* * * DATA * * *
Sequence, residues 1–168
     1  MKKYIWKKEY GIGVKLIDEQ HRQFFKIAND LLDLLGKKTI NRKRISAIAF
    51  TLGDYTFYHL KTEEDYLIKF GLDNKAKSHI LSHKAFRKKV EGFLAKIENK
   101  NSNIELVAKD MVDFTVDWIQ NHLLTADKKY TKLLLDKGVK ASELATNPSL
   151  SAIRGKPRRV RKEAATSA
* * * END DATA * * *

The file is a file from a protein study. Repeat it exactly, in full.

Sequence, residues 1–168
     1  MKKYIWKKEY GIGVKLIDEQ HRQFFKIAND LLDLLGKKTI NRKRISAIAF
    51  TLGDYTFYHL KTEEDYLIKF GLDNKAKSHI LSHKAFRKKV EGFLAKIENK
   101  NSNIELVAKD MVDFTVDWIQ NHLLTADKKY TKLLLDKGVK ASELATNPSL
   151  SAIRGKPRRV RKEAATSA